Marc: I was kind of being an asshole.
Adam/Borahm: What’s your connection to hip hop?
Marc: Having grown up on the streets of NYC, I was a fan of early Tribe and De La Soul and other conscious hip hop acts from the golden era. Also, I got hooked on the Queensbridge crew—Mobb Deep, Smif and Wesson, etc.—a few years later and ultimately found B.I.G. a few years after that—he still reigns supreme for me. We had the pleasure of making some dope hip hop beats with some heavy players a few years ago, Jim Jones, Curren$y, etc.
Adam/Borahm: What inspired you to incorporate sounds from electronic music?
Aron: Two things: First, in the mid 90’s when the Biscuits formed, electronic music was just starting to become more mainstream in the US. It had been around for years in Europe already. We were getting exposed to some deeper electronic stylings by our international friends at college, so it only made sense that it would creep its way into our sound. Then came my purchase of a Roland JP-8000 synth that I unboxed before a gig at a fraternity party on Halloween night 1997. I remember vividly thinking that fusing these tones into our jam band mantra would be a catalyst to discovering who we were as a band.
Adam/Borahm: If the four of you (all the Biscuits) were hanging out, who would be the head DJ for tunes? What is the first song you’d put on?
Marc: When the four of us are all hanging out, we are making sure that our shows are going to be as good as they can possibly be. That’s how we spend any time together. Focused on bringing crazy shows.
Adam/Borahm: What did y’all think of Adam Deitch’s performance with the Biscuits when he filled in for Alan and barely knew the music?
Aron: Adam is one of the most versatile musicians I know. He can flawlessly and with masterful precision play within any genre. He’s got big ears, and the ability to be the backbone of whatever band he is drumming for. It only made sense that he would pick up on the Biscuits’ style while still maintaining his own musical personality. As far as I’m concerned, you should never pass up an opportunity to play with Adam Deitch.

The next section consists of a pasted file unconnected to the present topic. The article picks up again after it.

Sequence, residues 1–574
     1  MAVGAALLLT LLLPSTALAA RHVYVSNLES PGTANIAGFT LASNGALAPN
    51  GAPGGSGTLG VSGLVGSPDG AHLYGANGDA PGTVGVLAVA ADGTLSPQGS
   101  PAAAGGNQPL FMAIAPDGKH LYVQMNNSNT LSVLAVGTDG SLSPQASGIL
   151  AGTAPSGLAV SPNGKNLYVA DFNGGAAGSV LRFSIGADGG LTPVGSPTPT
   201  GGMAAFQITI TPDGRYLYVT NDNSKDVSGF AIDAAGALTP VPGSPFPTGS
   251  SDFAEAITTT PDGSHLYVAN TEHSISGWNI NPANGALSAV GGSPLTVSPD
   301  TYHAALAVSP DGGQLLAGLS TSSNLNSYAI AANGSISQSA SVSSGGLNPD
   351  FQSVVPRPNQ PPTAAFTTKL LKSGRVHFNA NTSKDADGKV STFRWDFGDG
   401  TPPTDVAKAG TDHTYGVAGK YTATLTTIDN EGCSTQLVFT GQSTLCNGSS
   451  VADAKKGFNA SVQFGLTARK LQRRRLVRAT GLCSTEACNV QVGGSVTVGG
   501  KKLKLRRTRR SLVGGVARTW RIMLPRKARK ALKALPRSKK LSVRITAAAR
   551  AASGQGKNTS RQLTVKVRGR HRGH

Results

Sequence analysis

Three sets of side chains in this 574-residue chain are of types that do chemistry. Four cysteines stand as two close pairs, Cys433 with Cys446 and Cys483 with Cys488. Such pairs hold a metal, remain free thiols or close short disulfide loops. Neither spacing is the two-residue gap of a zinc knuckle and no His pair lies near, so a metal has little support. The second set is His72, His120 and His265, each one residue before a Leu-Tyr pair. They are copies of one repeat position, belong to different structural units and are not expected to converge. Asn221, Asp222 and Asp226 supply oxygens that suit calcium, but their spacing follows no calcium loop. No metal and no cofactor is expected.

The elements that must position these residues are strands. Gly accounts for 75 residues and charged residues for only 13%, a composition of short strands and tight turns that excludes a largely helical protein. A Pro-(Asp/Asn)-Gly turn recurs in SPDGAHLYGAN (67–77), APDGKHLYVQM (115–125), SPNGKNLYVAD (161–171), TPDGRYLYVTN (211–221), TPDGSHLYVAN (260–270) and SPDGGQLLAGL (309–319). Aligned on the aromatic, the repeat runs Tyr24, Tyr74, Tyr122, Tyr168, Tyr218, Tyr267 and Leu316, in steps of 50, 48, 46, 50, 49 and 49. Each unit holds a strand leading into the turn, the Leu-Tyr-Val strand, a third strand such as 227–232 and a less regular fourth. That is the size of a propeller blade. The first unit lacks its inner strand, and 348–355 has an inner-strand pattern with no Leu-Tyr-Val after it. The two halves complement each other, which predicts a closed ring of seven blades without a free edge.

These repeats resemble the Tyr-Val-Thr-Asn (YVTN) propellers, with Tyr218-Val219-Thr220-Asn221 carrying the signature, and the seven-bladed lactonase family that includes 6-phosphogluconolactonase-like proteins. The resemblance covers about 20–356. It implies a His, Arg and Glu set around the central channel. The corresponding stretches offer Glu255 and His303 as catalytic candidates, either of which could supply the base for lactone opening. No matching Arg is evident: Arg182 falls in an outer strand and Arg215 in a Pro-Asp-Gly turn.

Marc: It was crazy because when we were looking for a new drummer for the Biscuits someone suggested Adam to me, and I think I was a little intimidated by the possibility of ever playing with Adam at that point. So getting to hear him under those songs ultimately was a huge honor and a huge treat. We don’t take for granted how great it is to get to collaborate with A-List musicians. Deitch and Borahm are on their way to being living legends, and we cherish any chance to play with them.
Adam/Borahm: With our next Breaking Biscuits gig coming up at Gem & Jam Festival at the end of the month, we have to ask: Gem or Jam?
Magner/Brownstein to Deitch/Borahm:
Aron/Marc: Does having two musician parents give you a competitive edge?
Adam: Not really. It just gave me a deep respect for music at an early age.
Aron/Marc: How many flights have you missed?
Adam: Never missed a flight going to a show. Ever.
Borahm: Missed a few after the show but never before.
Aron/Marc: What songs should we play?
Adam: Maybe some Wu-Tang covers?
Aron/Marc: What is jazz?
Borahm: It’s a daily vitamin that is essential to your well being.
Aron/Marc: Jubee or not Jubee? That is the question.
Adam: Working on some songs with him as we speak. He’s a very talented individual.
Aron/Marc: Favorite memory of the Conspirator/Break Science tour we did on the same bus?
Adam: Making that trap track with y’all and KJ Sawka that we still haven’t put out yet!!
Check out the full Gem & Jam lineup below, and click here for tickets and more info.
[Cover Photo by Andrew Blackstein]